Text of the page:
continue reading

248 odcinków

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Manage episode 416296968 series 1820271
Treść dostarczona przez New Politics. Cała zawartość podcastów, w tym odcinki, grafika i opisy podcastów, jest przesyłana i udostępniana bezpośrednio przez New Politics lub jego partnera na platformie podcastów. Jeśli uważasz, że ktoś wykorzystuje Twoje dzieło chronione prawem autorskim bez Twojej zgody, możesz postępować zgodnie z procedurą opisaną tutaj https://pl.player.fm/legal.
In this episode of New Politics, we explore the eternal issue of domestic violence in Australia, exploring the recent headlines and government actions – or lack thereof – that have fueled both media coverage and public discourse. We begin with the No More rally in Canberra, where domestic violence against women and children took centre stage, highlighting the slow governmental response despite numerous reports and increasing public pressure. It’s a critical issue that affects over half of the population and it’s a disaster that the political system doesn’t seem to want to implement the solutions, even though they’ve been available for years.
We also look at the political dynamics at play, particularly focusing on Prime Minister Anthony Albanese’s involvement at the No More rally – should he have been there? Or not been there? Albanese didn’t seem to read the room very well – or the crowd – and the substantial political fallout could have been avoided if he avoided the centre stage. But he would have been criticised anyway, so what should a Prime Minister? As always, the answer is: “just do the right thing”. Implementing the best policies to reduce domestic violence would have avoided the need for a rally in the first place.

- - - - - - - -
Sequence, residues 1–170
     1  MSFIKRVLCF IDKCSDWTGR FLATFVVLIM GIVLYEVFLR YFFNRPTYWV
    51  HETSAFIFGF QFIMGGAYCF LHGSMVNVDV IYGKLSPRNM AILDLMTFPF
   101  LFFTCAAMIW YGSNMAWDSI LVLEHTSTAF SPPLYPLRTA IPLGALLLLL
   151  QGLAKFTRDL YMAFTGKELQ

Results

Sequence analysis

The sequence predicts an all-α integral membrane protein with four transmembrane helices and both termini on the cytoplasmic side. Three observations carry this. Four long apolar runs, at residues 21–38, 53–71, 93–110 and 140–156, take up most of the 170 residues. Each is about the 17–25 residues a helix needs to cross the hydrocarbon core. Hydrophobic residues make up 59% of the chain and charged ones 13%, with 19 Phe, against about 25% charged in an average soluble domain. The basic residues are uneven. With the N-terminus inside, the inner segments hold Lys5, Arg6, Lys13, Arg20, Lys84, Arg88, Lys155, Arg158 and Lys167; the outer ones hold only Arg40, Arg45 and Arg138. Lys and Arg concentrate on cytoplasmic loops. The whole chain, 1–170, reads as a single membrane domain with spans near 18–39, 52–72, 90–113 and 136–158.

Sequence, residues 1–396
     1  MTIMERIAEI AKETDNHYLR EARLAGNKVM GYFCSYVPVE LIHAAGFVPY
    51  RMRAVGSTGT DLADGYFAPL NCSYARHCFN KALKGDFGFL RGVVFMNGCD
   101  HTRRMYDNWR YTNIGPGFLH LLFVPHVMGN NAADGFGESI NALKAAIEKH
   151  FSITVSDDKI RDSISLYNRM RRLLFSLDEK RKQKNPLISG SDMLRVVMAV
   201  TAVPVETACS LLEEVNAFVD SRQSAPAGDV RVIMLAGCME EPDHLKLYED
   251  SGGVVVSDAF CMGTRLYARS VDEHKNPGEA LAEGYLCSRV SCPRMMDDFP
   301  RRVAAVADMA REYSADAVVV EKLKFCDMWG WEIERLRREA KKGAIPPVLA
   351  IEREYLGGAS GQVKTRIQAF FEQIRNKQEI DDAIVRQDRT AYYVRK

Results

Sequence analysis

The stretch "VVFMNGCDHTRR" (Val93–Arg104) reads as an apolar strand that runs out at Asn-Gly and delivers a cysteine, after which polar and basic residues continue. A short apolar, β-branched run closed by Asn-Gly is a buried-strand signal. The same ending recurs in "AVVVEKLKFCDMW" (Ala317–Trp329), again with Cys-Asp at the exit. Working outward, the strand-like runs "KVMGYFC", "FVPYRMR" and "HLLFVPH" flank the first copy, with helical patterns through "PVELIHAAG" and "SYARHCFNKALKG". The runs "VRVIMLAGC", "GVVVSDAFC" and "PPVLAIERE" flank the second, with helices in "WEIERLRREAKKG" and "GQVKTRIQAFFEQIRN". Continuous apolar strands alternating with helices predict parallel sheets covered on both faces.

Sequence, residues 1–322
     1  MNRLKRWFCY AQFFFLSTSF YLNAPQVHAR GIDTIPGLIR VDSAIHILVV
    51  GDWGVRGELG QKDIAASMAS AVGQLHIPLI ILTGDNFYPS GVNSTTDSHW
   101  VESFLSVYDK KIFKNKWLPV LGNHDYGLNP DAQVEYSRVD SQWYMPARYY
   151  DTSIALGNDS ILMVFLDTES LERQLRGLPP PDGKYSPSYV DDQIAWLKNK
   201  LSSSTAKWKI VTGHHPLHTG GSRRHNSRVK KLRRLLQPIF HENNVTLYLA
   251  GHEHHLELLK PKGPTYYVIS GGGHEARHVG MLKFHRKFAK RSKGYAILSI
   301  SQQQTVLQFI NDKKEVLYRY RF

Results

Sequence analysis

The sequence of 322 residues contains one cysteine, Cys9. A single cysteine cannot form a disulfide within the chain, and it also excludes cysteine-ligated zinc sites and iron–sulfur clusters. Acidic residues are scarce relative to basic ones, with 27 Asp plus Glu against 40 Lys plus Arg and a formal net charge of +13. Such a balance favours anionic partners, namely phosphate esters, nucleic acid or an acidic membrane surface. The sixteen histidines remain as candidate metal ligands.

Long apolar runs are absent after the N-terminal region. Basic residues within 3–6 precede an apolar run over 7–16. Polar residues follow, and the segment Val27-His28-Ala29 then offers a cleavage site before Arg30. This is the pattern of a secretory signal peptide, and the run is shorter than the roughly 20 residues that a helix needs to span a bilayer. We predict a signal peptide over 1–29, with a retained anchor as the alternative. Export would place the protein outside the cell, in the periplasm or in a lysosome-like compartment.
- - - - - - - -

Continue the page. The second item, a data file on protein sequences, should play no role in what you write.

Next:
Despite the announcement of $925 million to aid victims and new bans intended to protect against digital abuses, we question the effectiveness of funding without societal and cultural changes to address the root causes of domestic violence.
We then look at the role of the media in shaping public perception and the political narrative and scrutinise how various media outlets negatively reported on the rally and the government’s actions, examining the impact of sensationalism and political bias on the actual issues at hand.
We also look at mental health, as highlighted by former Prime Minister Scott Morrison’s public discussion of his struggles while he was in office and a broader debate on the adequacy of government action and funding for mental health services. Should we feel any sympathy for Morrison’s revelations? His actions in office included attacking asylum seekers, the disastrous Robodebt scheme, cutbacks to mental health services, especially for young adults. Maybe not.
Join us as we navigate these political and social issues, seeking clarity on what has been done, what could be done better, and the ongoing impact of political and media narratives on real-world problems.
  continue reading

248 odcinków